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Remove the Middleman with the (Block) Chain Gang

Blockchain Enables Transparency & Security

I attended JumpStart Foundry’s Health:Further Conference recently, and it was a goodie!

Speakers came from all over the country to talk about the state of healthcare and technology, and I heard a common thread through many talks: Healthcare is in a state of necessary evolution. The connectedness offered by both the Internet and the Internet of Things (IoT) is pushing healthcare to innovate at a rapid pace. Think about how many apps and devices are now available for monitoring your health, such as smart watches or step trackers.These devices and technologies are empowering us to understand and monitor our own health in ways we have never been able to do before. They also offer the promise that it should be easy to become better informed consumers of healthcare. Better yet, healthcare providers are beginning to realize that they have to cater to the end consumer, because we are the ones making the choices. Consumers are demanding more transparency around price, quality, and their own health information.

These days there is an expectation to be in control of all the information and our customer experiences, so it’s no surprise that consumers are now demanding the same kind of informed experience when it comes to healthcare. Here are a few examples of healthcare companies that are bringing a new experience to healthcare consumers:

  • HealthCare BlueBook (https://healthcarebluebook.com/) – Did you know that a surgical procedure by the same physician can cost you drastically different amounts of money depending on the facility you get the procedure done?
  • Spruce – Download the app and experience telemedicine. You can visit a dermatologist by sharing photos and answering a few questions. You’ll get a diagnosis and treatment plan plus prescriptions from a board-certified dermatologist. With your approval, they’ll send a report of your record to your primary care physician. All of this for $40.
  • In Quicker (https://inquicker.com/) – Make appointments. I just made a doctors visit. I went on the website, chose InQuicker, and it provided me times that week that were available for me to schedule. I provided some basic information in a secure online form. It sent me a calendar request to add to my calendaring application. No waiting on hold or going back and forth with a member of the staff to try to find an appointment months from now.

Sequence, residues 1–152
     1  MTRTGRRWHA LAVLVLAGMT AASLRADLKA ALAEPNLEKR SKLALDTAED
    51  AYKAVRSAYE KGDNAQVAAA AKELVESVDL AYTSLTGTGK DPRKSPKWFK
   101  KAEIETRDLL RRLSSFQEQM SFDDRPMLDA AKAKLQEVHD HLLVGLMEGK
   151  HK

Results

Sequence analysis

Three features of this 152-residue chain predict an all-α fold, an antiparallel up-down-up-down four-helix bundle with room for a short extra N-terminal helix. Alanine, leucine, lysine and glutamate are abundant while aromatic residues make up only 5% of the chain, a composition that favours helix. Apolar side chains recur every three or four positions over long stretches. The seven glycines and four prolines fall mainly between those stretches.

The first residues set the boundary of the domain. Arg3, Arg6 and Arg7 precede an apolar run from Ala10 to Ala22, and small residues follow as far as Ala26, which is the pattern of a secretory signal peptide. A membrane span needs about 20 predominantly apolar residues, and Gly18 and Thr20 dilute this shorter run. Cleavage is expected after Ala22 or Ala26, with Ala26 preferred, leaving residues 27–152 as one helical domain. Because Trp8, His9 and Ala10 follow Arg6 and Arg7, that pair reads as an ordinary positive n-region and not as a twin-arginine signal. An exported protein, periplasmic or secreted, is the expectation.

Even so, we are still at the beginning in many ways, because the healthcare industry overall has been slow to adopt internet-related technology. A big part of the challenge facing healthcare? Protecting the security and privacy of your health and related financial data.

However, Health:Further reminded me about a particular technology that we all need to get our heads around—because it can make a positive impact on this very problem. Blockchain provides a simple, secure way to process transactions and store information online, and it very well may revolutionize how we store and use healthcare information.

Using blockchain drastically reduces the risk of hacking, fraud, and theft when you store or transmit data about personal health and financial details.

Here’s how blockchain works.

  1. Blockchain operates on an authorized network of computers.
  2. As transactions happen, they are assigned unique digital codes, and then quickly bundled together into batches or blocks.
  3. These blocks are verified and replicated throughout the network in “chains.”
  4. Each change to a block creates an entry in a ledger. The ledger is distributed to those in the authorized network. Everyone in the authorized network is notified of any change and each change is documented. Anytime a transaction is moved or altered, everyone knows to check the ledger for updates.
  5. Because everyone in the authorized “gang” of computers gets the updates, all parties are up to date on who has what information, what the transaction consisted of and where the hand off occurred.

Using blockchain removes the need for a middleman to verify transactions—reducing the risk of fraud at that point, and speeding up the whole process at the same time.

I don’t know about you, but I am looking very forward to more time and better holistic decisions resulting from a streamlined view of my medical records and information at the tips of all my approved healthcare providers.

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image provided by WSJ.com